The City of Maple Valley implemented a swimming beach monitoring program in 2008 to test the swimming beach at Lake Wilderness for bacteria known to be associated with risk to human health. In 2008 Maple Valley Council passed Resolution R-08-592 which authorized an interlocal Surface Water Technical Agreement with King County Department of Natural Resources Division (WRLD) to provide professional swimming beach sampling and laboratory analysis 2008 through 2012.
The swimming beach monitoring program provides for professional collection of water samples from the Lake Wilderness swim beach on each Tuesday morning over a nineteen week period, typically May through September. Water samples are transported by King County staff to the King County Environmental Laboratory where they will be tested for Fecal Coliform and E. coli, bacteria known to be associated with human health risk. King County will post the data on their website along with data of other area lakes participating in the program.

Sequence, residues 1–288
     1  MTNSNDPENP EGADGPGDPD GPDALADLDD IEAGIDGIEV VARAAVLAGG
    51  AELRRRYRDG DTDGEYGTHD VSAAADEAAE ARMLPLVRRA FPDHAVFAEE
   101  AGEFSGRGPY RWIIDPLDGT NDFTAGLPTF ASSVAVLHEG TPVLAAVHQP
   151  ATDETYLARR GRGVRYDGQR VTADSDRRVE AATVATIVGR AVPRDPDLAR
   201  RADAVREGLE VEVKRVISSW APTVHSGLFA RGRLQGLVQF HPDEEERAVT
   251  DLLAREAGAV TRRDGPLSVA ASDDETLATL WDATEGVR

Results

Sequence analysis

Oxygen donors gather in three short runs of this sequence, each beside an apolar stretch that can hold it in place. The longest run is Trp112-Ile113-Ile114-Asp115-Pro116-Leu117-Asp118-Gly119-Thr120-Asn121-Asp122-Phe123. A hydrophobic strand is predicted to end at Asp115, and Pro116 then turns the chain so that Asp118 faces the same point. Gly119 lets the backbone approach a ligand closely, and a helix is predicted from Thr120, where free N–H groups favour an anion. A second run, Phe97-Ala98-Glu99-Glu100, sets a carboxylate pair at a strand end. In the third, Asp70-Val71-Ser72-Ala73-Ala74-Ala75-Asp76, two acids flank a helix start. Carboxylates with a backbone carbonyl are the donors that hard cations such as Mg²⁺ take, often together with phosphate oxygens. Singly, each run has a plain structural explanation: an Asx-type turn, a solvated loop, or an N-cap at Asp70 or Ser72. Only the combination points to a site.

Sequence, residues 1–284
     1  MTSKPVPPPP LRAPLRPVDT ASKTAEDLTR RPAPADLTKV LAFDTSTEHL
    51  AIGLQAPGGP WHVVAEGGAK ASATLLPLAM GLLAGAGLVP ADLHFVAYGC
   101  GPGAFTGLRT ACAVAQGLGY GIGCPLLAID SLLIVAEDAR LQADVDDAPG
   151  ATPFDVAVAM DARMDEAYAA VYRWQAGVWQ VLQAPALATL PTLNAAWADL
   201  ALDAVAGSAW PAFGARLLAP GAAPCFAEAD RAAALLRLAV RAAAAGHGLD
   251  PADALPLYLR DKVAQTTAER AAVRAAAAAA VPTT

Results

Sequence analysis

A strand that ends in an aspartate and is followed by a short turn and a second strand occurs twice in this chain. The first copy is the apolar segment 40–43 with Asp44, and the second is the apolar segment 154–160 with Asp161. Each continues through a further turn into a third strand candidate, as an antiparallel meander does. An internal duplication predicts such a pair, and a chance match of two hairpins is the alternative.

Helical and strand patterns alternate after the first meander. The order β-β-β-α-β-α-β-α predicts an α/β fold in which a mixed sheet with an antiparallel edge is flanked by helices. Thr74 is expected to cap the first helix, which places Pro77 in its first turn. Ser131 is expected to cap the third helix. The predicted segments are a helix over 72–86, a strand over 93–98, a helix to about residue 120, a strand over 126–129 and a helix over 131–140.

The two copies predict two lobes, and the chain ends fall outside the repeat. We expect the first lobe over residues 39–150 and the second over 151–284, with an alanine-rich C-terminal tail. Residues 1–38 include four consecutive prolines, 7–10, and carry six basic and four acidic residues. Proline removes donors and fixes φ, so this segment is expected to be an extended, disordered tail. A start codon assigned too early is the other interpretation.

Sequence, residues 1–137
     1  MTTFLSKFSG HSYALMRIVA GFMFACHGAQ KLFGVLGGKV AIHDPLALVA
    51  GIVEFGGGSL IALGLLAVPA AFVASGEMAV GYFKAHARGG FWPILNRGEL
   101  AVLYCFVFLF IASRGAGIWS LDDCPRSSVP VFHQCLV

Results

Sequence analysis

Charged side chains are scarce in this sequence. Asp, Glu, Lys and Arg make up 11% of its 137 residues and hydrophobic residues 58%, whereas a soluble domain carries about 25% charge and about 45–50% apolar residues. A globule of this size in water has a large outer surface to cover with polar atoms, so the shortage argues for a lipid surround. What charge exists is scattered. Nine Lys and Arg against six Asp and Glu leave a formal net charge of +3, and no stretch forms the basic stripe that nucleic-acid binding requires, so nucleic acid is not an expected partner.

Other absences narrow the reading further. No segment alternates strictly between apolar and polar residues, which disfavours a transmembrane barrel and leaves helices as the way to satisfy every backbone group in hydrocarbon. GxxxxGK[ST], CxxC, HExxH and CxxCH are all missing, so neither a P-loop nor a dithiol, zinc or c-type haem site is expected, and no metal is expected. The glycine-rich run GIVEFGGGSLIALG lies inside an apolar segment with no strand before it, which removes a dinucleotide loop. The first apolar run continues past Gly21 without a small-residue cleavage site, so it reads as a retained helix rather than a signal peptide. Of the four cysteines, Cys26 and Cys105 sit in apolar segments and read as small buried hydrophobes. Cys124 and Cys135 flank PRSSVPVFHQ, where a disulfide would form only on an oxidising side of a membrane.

Bacterial counts are measured in colony-forming units (CFU) per 100 milliliters (ml.) of sample. Typical low bacteria counts found in high quality water are less than 50 – 100 CFU per 100 ml. or (50-100 CFU/100 ml.). When laboratory analysis indicate that the bacteria counts in a single sample are elevated greater than 1000 CFU/100 mL the swim beach would be re-sampled to out rule sampling or analysis error and if the second sample substantiates the elevated bacteria count, Seattle King County Health Department would contact the City and recommend that the City close the beach. The beach would remain closed until the water samples analysis from the next regularly scheduled Tuesday sample indicate that the bacterial contamination level was within the range where human health risks were no longer an issue. The presence of fecal coliforms and E. coli can be an indicator of sewage pollution in the water; however, other mammals and waterfowl also contribute to this type of bacteria and higher than normal bacteria levels can also be the result of weather related storm events that can carry animal feces or goose feces into the lake.